Chronicles

Keep Asking
by: Mike Lushington  

            It goes with the turf, I guess.

            Frequently, people ask me questions about birds, or about things that they have seen and are wondering about. Or, they may have questions about their environmental concerns. I am always pleased, occasionally flattered, and sometimes baffled by the questions, but, at all times, I realise that I want to try to answer as best I can.

            I remember a telephone call from a lady in Listuguj back in the spring. She wanted to report what she thought was a Golden eagle that she had been seeing along a stretch of the river by her home, and was wondering if I might be able to check it out for her. In trying to get down all the details about where the bird was, when it had last been seen and so on, I neglected to note her name. After she hung up, I called a couple of my birding associates in the Campbellton area and, in due course, they confirmed what I suspected, which was that the bird in question was not a Golden, but rather an immature Bald eagle. This is a common identification problem for many people who do not realise that the young of both species are very similar - and that neither of them looks very much like an adult Bald eagle. On several occasions since, I have thought that I would like to get the word back to my original correspondent that I had not forgotten her, or ignored her request for help. Maybe she will read this, several months after the fact and accept my apologies, both for forgetting her name and for the delay.

            More recently, I had a letter from another lady who was wondering why the bird that she had been noticing in her backyard seems to have failed in its summer nesting this year. In part, I addressed that question last week when I wrote about the effects of the weather that we have experienced this summer had on many species of nesting birds. Some of her questions could only be answered if I knew what species we were considering - and I think that this leads to a request on my part. Please, if you have a question, try to have as much information as you can before hand. In this case, the bird was a "black bird"; that might have been a Starling, a Grackle, a Rusty blackbird, a Brown-headed cowbird, or even a Red-winged blackbird, as well as any number of small, darkly plumaged warblers, flycatchers or other species. Identifying the species involved makes it much easier to answer many questions, because different species act in different ways in similar circumstances.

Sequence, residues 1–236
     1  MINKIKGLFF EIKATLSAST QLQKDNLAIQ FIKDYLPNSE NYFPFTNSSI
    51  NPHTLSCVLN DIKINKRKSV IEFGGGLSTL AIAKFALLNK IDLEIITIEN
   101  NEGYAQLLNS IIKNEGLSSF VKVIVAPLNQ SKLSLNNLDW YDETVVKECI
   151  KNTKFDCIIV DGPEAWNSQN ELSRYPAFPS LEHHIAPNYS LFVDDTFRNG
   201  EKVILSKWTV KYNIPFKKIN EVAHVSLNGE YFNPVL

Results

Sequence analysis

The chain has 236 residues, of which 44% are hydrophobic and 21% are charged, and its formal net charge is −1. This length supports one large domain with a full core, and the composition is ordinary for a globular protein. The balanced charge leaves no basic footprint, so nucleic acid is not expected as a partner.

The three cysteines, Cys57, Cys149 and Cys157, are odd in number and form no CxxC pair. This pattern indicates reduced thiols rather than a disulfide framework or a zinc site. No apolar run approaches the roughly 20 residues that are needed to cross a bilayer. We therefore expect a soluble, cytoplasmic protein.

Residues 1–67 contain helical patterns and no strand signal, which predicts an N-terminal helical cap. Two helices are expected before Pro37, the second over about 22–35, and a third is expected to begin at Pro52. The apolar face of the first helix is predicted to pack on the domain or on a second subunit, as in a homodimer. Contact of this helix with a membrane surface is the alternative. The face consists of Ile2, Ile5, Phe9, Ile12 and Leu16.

I have to answer in much the same way when someone stops me at the post office or at the bank to ask me about "the stuff that the mill is ejecting in its effluent that turns the water red". As much as I can do in such cases is to suggest that they direct their questions either to the company itself or to the Department of the Environment. Sometimes I do know the answer, or I know whom they can ask, but there are other times when I am completely baffled.

            The important thing in all of this, and the exciting thing for me, as that so many more people are becoming interested and concerned. This is great; it becomes increasingly important for us to try to learn as much as we can about these things. because it suggests that all of us have to take a greater care in what is happening around us. so, please, even if I can't answer the questions, or if I am slow in getting back to you (or forget your name), keep asking - and asking - until you get the answers that the questions deserve.

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